The Alabama Senate is expected to take up legislation Thursday that will overhaul the controversial Alabama Accountability Act and make changes to the delivery of Medicaid services in the state.
The Alabama Accountability Act, sponsored by Sen. Del Marsh, R-Anniston, allows families of students zoned for schools listed as failing to claim a tax credit for transfers to a private school or non-failing public one. According to the Alabama State Department of Education, the credit would have been worth about $4,200 in the 2012 school year.
The act, also known as HB 84, aroused strong opposition from Democrats, who have objected to the tax credits, the bill’s definition of what a failing school is and the means by which it was passed. Among other definitions, the law currently lists a failing school as one that has been in the bottom 10 percent of testing scores for at least three years. A Senate committee Wednesday approved a change that would keep that definition in place until 2017, when a grading system developed by the ALSDE would be put in place.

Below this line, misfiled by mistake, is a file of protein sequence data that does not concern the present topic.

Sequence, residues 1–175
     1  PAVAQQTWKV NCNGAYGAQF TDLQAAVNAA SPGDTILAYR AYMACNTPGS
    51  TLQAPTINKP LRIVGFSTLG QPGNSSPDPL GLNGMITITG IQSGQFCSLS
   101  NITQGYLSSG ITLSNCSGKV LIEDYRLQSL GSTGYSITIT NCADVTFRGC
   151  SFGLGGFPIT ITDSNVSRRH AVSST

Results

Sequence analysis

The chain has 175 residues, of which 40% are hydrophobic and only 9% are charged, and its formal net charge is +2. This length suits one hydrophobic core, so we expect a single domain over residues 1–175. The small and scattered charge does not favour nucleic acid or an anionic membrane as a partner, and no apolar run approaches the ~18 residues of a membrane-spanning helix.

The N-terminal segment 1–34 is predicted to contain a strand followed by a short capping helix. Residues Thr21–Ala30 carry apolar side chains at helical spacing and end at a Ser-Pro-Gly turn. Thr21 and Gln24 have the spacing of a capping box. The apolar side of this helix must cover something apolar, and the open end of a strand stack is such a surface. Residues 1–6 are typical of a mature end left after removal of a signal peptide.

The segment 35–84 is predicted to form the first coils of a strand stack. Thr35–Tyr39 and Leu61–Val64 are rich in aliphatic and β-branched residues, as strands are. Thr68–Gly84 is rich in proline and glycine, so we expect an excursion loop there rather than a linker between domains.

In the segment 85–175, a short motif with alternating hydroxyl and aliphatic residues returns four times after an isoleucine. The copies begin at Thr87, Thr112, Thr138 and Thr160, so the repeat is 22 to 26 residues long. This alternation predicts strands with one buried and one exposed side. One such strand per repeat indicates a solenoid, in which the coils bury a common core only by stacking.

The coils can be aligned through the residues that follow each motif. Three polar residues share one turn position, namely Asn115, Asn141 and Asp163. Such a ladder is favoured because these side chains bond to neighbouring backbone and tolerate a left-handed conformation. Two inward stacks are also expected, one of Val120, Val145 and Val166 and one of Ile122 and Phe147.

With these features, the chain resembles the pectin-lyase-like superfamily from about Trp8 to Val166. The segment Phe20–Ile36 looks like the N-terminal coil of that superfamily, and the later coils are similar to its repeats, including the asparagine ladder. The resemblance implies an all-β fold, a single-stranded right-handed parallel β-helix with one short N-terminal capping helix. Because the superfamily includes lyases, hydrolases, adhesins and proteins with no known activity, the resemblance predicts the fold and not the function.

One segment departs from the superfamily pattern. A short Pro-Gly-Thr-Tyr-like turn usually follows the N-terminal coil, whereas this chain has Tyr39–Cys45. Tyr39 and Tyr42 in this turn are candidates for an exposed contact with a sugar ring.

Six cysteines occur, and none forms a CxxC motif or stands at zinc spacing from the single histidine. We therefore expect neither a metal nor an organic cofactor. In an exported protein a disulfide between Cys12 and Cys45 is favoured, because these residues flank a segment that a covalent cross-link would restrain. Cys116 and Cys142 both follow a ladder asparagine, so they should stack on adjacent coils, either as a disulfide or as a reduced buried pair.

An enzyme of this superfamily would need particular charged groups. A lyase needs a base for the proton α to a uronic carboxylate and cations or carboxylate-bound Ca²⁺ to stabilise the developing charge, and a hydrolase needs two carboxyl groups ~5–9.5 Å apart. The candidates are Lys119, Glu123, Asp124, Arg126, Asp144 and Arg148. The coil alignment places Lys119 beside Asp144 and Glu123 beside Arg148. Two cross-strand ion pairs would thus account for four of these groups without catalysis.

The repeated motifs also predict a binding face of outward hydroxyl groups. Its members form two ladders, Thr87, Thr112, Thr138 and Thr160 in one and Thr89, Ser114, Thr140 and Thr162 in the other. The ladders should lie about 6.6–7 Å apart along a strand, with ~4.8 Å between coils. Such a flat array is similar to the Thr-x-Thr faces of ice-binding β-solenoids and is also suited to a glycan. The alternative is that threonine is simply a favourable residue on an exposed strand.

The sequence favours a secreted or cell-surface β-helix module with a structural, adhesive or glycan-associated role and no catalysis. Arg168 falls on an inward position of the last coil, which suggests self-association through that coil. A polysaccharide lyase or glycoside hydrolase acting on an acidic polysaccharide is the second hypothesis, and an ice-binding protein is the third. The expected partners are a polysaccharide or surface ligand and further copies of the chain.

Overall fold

Lawmakers have also discussed a means test for claiming the income tax credit. That was not included in the version of the bill passed out of the Senate committee Wednesday.
The tax credits were introduced in a conference committee convened for what had been legislation to allow school districts to apply for waivers from certain school laws.
The Medicaid overhaul would create an unspecified number of regions in the state, to be run by regional care networks that would use a capitation model in their delivery of services. The legislation is sponsored by Sen. Greg Reed, R-Jasper.
– posted by Brian Lyman